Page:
HUD does not pay for the utilities or any turn on fees and they do not de-winterize the property. In fact, if you live in an area that requires winterization, you will have to send in $150 with your turn on request form if you want to turn on the water during the winter season. Most areas require the winterizations from 10/1 to 4/30. This fee is for the property preservation company to re-winterize the property after you complete your inspections. If HUD found the property’s plumbing system did not hold pressure during an air test, they will not allow you to turn on the water.
If you find issues during your inspection, you have two choices; cancel the contract or proceed with your contract knowing HUD won’t repair anything. They are very clear HUD homes are sold in as-is condition, and they will not make any repairs, even if the lender requires it. They are also very clear that they will not return your earnest money if you find inspection issues that cause you to cancel your contract. As I said earlier, HUD does an inspection before listing each property, and the basic results are listed on HUDHOMESTORE.COM. To find the inspection, look under addendum on HUDHOMESTORE and you will see a document called PCR. This will list the general condition of the plumbing, electric, HVAC and roof. Do not depend on these inspections to be perfect! Many times the HUD inspectors are only able to do a visual check since the utilities are not on.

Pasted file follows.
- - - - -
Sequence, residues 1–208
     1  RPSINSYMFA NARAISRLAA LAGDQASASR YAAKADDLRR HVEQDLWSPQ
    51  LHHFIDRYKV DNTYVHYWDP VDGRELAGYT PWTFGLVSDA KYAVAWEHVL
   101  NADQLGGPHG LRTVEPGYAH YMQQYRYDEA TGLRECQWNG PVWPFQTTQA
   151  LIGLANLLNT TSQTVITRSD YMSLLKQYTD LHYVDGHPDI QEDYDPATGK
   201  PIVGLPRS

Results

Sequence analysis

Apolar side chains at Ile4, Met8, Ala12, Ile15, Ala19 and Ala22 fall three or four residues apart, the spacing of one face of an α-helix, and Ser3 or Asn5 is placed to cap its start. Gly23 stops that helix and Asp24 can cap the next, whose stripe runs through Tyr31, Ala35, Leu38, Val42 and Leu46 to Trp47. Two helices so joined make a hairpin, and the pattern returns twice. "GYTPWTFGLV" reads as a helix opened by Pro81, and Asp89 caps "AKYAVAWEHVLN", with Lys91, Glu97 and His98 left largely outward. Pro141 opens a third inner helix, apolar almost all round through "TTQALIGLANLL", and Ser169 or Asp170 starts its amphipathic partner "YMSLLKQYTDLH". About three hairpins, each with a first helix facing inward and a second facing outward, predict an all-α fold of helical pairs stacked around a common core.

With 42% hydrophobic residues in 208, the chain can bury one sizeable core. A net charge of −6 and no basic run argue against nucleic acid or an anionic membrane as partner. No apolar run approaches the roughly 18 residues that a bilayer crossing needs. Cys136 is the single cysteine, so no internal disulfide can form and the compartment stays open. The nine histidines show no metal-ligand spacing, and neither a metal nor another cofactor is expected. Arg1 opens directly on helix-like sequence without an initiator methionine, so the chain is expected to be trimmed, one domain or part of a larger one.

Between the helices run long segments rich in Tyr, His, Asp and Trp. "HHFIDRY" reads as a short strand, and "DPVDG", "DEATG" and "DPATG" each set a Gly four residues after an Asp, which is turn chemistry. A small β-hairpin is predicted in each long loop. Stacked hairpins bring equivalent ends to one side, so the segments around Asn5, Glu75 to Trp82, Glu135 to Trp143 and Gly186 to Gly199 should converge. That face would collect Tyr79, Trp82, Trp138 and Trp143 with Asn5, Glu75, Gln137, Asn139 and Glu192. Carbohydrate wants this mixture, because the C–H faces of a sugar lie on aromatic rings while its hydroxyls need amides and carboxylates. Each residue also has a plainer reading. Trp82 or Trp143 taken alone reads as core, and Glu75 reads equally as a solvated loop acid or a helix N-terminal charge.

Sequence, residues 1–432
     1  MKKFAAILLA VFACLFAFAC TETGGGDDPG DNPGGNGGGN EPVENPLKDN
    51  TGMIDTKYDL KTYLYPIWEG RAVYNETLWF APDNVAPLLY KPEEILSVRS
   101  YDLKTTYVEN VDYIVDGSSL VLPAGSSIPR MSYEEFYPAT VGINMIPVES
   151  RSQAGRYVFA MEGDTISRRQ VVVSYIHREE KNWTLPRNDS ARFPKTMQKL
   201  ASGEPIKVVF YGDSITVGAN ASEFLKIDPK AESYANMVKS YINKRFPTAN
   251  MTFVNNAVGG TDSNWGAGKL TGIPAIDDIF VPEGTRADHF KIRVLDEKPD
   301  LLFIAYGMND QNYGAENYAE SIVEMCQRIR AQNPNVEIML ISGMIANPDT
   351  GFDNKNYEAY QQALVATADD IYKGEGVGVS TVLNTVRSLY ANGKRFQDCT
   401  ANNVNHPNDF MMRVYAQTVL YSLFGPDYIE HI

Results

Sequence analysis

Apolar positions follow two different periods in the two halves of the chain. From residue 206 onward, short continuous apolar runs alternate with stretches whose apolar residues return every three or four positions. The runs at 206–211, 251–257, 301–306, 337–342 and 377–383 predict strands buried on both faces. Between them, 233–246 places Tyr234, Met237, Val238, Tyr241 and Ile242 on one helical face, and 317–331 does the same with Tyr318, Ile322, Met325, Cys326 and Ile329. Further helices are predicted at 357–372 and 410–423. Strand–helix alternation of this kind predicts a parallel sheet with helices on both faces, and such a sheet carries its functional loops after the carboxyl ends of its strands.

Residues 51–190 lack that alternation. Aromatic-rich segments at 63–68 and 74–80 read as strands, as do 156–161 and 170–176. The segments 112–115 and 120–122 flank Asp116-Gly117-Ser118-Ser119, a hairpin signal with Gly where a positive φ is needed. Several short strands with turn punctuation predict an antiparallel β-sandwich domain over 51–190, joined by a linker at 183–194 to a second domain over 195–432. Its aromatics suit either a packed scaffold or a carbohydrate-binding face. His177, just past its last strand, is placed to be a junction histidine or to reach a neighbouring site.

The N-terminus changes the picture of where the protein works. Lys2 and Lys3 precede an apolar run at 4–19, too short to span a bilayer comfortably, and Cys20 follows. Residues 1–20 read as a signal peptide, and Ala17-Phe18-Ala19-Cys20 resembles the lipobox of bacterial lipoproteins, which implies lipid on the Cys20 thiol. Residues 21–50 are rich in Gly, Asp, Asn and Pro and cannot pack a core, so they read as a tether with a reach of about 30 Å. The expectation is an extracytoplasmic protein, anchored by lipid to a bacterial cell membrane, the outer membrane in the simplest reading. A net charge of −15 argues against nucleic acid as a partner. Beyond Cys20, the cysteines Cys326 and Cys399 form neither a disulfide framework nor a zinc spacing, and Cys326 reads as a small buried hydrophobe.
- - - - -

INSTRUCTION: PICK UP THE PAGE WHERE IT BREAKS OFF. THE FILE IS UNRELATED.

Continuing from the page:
How to do an appraisal